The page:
An Ending to a Beginning

Happy last week of filming to me! I’m approaching the last bits and bobs of my shooting: gathering a final interview, recording more of a baby chick in the yard (who grows an astounding amount each week), and just some general soundscapes.

Final day of filming

So last week, I gave Graham (my main character) an assignment. When struggling to think about how I could end the film, I decided to do something a bit experimental. I asked Graham to write an ending. Some sort of few lines or so that we could record so I could use it to end the film.

Now, this was not a easy assignment for him, nor was it for me to assign, since he doesn’t know what the film is about. And to be honest, at this stage, neither do I. I gave him some of the basic themes and plot I’m going for, but couldn’t supply him with much more information. If he wanted to, I told him, he could write a few different versions and together we could pick the best one.

Over the weekend, I called him and asked him to also think about writing an opener as well. I’m now at the farm and the opening and the closing have been written. I’m very pleased with what he’s written, especially since he didn’t have much information to go on! He only wrote one version for each.

The plan is to record these tomorrow, in the quietest room of the house. To be honest, reading what he wrote, it was quite touching. The actual content itself is quite sarcastic; I think the touching bit comes from the fact that he took me seriously and actually wrote something. And, even though I don’t know exactly what my film is going to look like or how the plot will go, his opening and closing statements have really helped to frame it for me. As I end my final days of shooting, I’m becoming more and more confident that I have a film. And the good news is, I have a feeling it’s just going to get better.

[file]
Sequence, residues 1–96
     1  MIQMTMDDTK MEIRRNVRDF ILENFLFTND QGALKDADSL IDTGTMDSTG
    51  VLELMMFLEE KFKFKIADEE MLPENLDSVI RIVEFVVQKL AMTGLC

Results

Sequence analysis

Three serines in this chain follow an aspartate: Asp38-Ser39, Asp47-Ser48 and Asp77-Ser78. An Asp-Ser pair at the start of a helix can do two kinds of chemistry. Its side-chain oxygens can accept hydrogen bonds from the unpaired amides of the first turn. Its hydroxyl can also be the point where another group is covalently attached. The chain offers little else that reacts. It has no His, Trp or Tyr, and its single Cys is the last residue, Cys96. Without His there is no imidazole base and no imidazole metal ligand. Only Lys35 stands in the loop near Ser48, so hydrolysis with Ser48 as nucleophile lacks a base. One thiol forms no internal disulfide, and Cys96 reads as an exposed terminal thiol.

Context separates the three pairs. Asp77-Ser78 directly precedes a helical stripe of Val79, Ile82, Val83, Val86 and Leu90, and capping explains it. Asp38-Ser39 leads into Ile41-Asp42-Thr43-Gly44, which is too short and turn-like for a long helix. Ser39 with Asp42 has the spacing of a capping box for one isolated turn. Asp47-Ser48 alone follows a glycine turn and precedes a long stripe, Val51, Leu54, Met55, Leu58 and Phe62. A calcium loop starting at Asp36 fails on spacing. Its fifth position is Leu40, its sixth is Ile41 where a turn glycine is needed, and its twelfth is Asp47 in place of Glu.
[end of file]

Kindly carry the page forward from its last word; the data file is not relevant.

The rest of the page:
Following the story of a calf’s birth and her mom’s sale is a possible sub-plot among the greater themes

I took Graham and his parents out for lunch at the local pub (in white) to celebrate the end of shooting. Nobody does a better venison stew and carrot soup than the Fox!

I can’t celebrate too soon, though. Half of my classmates begin their editing this week. Eek! My half of the class begins editing September 18th. Until then, I’ve still got 20 hours of tape to transcribe, which amounts to about 60 hours of work.

So what do you think? Was asking him to write the ending and beginning not documentary? Will it work? Or fail?

Until next time, tarah!

  1. Rainy Stephenson says:

    Sounds like a great idea to me. But then, what do I know about documentary filmmaking!

leave a comment

Leave a Reply

Your email address will not be published. Required fields are marked *